Marsh Vacuum? Marsh Vacuum

An enormous component of what creatures live in the salt marsh are tiny insects and speedy spiders.  Because of this, we have developed a highly technical method of catching things like mites, spiders, flies, grasshoppers, amphipods, or beetles– a giant marsh vacuum!

The Marsh Suction Sampler is simply a Stihl leaf blower with a vacuum attachment placed on the air intake valve. The end of this attachment, made from a flower pot, is lined with fabric (muslin cloth or tulle work the best) to collect all the animals that are sucked up.  Once the whole plot is sampled, we take the cloth off and place it into a Ziplock.  Then we take the sample back to the lab and, under a microscope, count and identify all of the bugs that we sucked up.

Below are a couple of pictures from that first sample.  We found high total abundances and a great diversity of bug-types including ferocious but minuscule spider predators, scavenging beetles, excited crickets, biting gnats, spastic flies, and (my personal favorite) the beautiful red velvet mite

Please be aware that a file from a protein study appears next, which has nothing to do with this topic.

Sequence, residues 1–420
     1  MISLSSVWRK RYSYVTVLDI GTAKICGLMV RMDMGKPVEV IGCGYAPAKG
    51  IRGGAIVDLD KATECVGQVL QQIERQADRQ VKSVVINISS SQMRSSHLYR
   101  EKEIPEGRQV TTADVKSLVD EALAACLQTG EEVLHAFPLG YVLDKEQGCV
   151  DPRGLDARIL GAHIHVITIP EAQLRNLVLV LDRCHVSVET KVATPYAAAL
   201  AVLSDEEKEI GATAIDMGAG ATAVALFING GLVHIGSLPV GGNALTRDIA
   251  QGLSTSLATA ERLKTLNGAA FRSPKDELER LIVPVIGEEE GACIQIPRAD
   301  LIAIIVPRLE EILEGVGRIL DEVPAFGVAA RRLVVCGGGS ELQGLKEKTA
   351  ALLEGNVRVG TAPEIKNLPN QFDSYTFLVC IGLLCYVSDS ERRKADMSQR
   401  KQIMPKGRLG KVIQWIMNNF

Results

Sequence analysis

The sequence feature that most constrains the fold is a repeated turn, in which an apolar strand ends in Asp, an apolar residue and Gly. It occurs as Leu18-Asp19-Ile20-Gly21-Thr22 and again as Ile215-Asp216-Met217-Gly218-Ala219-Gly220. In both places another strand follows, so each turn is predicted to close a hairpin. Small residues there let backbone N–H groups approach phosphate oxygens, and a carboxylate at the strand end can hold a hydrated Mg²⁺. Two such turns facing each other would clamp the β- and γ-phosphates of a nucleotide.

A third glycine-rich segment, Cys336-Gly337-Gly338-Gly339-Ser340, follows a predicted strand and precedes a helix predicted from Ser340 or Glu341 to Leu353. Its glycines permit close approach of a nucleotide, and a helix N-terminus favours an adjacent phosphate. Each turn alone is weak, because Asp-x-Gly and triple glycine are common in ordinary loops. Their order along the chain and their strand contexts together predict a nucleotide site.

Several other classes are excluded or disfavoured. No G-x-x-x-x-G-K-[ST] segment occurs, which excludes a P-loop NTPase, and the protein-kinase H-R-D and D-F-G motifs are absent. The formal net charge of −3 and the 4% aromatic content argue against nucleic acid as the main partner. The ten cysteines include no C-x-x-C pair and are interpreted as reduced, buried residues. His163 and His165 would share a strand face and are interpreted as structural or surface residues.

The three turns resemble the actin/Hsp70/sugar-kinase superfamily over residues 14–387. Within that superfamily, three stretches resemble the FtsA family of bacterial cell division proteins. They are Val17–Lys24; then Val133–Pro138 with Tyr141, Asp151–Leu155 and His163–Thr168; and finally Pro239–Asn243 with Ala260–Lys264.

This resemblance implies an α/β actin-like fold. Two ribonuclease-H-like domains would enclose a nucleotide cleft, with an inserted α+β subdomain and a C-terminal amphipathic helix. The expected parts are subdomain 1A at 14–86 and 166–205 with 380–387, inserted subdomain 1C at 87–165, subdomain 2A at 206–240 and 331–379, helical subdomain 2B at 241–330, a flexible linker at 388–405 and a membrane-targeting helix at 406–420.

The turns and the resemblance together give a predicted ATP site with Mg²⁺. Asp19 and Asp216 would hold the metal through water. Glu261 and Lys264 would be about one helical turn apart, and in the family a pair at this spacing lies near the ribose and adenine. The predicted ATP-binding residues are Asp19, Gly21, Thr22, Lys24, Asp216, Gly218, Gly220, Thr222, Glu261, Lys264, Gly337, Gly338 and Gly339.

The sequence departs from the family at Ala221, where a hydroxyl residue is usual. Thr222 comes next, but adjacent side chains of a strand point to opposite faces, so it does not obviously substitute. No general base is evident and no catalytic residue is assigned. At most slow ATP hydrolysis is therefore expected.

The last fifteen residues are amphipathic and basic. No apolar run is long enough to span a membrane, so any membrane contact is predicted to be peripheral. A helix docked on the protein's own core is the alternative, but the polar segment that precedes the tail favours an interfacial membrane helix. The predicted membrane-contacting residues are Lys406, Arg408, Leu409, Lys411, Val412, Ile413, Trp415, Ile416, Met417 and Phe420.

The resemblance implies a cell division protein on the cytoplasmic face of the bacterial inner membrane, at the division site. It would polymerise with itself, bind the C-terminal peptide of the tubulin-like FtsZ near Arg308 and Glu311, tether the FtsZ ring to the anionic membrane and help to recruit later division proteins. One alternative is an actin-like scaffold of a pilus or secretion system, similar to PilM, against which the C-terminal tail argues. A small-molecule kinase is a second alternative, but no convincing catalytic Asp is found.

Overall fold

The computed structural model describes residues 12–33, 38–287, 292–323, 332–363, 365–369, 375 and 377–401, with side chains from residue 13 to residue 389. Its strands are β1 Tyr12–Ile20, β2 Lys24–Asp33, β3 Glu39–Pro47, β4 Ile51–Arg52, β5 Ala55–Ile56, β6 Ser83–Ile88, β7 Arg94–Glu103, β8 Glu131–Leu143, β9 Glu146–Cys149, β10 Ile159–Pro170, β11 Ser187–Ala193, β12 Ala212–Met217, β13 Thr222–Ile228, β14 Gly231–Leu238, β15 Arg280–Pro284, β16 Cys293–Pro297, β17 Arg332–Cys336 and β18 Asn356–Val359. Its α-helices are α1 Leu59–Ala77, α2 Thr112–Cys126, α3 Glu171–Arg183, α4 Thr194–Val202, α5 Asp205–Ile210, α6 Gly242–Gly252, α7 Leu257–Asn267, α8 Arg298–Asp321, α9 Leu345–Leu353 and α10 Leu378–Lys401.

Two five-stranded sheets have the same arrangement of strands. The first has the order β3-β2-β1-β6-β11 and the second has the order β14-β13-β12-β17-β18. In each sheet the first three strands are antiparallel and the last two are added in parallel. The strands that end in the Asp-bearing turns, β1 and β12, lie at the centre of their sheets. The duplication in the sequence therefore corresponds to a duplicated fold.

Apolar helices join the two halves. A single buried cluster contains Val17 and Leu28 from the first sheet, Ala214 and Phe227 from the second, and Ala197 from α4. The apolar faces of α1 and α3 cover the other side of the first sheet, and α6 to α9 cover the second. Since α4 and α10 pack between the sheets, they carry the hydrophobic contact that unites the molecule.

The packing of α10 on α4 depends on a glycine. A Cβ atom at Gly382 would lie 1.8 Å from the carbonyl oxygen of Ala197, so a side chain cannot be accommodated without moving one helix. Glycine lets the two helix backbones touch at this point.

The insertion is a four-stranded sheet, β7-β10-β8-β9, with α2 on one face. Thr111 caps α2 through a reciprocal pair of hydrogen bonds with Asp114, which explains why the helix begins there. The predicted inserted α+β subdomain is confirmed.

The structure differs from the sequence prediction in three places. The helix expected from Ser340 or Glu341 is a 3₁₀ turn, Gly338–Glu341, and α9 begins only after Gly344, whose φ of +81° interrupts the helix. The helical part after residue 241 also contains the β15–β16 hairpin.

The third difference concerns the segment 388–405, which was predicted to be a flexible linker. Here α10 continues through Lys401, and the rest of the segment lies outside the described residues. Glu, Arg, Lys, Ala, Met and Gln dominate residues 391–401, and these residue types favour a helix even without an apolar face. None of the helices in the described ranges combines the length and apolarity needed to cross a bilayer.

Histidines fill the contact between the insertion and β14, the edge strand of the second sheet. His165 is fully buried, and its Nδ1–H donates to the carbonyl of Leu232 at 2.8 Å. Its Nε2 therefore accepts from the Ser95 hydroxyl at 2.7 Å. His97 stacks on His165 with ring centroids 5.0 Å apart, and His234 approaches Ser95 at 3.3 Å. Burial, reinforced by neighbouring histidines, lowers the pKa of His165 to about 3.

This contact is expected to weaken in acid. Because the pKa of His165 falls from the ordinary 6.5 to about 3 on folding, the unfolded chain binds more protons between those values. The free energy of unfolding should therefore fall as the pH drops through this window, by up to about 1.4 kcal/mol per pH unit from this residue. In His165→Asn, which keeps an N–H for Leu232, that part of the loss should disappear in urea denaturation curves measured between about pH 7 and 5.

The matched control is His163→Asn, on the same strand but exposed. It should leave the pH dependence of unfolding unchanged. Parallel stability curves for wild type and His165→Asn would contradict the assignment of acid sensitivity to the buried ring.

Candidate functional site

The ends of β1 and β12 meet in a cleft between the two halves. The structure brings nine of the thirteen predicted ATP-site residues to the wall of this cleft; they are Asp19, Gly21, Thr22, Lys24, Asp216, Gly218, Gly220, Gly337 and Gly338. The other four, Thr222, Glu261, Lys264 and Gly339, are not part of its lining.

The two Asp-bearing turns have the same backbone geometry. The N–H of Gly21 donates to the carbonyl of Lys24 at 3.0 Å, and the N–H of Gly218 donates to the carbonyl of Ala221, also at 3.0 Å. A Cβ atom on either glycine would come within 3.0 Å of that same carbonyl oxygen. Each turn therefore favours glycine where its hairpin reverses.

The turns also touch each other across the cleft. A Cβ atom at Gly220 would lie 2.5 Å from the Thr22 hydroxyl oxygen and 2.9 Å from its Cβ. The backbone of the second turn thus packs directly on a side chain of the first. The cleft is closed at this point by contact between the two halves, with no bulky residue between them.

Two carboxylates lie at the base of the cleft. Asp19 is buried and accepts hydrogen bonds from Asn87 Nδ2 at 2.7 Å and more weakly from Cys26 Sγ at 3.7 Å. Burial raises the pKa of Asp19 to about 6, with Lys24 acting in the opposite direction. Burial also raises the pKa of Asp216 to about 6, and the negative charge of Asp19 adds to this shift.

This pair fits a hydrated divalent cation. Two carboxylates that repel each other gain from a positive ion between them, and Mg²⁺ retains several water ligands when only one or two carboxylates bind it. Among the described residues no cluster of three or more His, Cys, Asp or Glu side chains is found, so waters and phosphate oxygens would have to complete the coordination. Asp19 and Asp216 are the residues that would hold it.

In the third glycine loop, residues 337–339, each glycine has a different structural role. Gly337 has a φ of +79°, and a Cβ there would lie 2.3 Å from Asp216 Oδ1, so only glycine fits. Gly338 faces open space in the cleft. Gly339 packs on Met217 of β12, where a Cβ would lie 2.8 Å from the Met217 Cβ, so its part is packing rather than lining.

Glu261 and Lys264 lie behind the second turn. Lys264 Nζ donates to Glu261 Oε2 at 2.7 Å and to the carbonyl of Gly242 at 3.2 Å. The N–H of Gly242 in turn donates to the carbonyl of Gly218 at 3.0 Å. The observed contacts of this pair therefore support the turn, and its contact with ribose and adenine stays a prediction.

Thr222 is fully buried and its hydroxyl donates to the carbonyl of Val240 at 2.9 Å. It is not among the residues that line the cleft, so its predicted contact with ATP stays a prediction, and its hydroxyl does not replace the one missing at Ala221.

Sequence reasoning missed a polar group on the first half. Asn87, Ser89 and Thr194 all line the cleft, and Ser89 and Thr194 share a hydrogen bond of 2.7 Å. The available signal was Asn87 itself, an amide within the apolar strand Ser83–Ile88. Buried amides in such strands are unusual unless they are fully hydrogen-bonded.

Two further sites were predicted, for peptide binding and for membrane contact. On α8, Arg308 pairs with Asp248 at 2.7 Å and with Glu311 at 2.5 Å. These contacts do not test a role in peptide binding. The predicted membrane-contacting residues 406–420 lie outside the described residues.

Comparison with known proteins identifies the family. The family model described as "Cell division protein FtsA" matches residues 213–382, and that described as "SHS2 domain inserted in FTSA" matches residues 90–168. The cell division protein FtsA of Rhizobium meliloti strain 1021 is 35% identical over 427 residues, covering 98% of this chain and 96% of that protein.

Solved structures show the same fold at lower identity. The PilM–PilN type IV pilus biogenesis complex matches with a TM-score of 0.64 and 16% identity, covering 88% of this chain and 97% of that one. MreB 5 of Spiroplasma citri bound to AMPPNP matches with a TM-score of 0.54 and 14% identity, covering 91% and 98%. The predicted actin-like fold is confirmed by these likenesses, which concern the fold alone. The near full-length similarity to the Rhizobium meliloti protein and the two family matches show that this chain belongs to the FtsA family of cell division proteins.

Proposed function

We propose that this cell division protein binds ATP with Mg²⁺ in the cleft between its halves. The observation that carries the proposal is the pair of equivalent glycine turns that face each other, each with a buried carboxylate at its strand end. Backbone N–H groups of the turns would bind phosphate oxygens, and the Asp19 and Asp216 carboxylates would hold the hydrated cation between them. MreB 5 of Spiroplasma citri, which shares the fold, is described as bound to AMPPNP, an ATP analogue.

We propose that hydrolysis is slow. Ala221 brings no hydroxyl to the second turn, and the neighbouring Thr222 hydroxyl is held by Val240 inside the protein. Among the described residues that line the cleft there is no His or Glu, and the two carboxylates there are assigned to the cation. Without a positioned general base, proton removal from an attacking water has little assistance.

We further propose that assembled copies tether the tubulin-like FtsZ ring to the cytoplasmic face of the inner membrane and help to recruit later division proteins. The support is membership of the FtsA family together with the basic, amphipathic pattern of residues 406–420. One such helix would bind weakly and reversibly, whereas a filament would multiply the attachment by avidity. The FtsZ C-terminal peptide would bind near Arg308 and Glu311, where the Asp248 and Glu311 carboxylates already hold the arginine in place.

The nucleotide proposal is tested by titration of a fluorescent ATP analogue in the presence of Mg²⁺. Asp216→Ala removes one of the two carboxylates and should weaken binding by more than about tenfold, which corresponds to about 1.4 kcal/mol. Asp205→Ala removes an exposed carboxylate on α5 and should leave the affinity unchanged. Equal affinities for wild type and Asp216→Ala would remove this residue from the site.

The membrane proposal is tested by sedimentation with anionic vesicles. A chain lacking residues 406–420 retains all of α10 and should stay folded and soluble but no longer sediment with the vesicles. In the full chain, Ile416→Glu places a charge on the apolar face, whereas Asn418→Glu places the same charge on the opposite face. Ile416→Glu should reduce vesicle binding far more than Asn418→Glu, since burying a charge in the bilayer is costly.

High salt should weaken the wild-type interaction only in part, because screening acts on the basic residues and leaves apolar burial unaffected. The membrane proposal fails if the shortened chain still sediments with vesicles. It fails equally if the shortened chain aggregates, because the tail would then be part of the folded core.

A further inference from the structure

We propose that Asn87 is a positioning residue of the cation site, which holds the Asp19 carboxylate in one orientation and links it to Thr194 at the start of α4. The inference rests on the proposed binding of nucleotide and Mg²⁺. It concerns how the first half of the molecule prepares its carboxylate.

Suction sample from Squantum marsh

Suction sample from Squantum marsh

A second sample of the insect community of Squantum Marsh

A second sample of the insect community of Squantum Marsh


Welcome to Marsh Life!

Hello and welcome to! If you live near the marsh, like the marsh, want to know more about the marsh, or have ever seen a marsh, then you have come to the right place.

Here at Marsh Life, we are a group of marine biologists who are trying to figure out what makes the marsh tick, what the marsh does for us, and what we can do for the marsh.

This blog will tell stories about the creatures that live in the marsh (like crabs and snails), visit the marsh every day (like fish or shrimp), or just stop by every once in a while for a quick meal (like osprey or egrets).

Along the way we will reveal some of the most innovative and creative techniques to sample marsh life (such as The Marsh Bug Vacuum). We’ll visit some of the most famous marshes in the world (like Cape Cod and Nantucket), and some of the people studying them (scientists & managers, get ready for some Google Hangouts!). Last, we’ll share our insights and those of others as to how marshes are changing and what we can do to help them.

So sit back, and get ready to enjoy our tales of marsh life.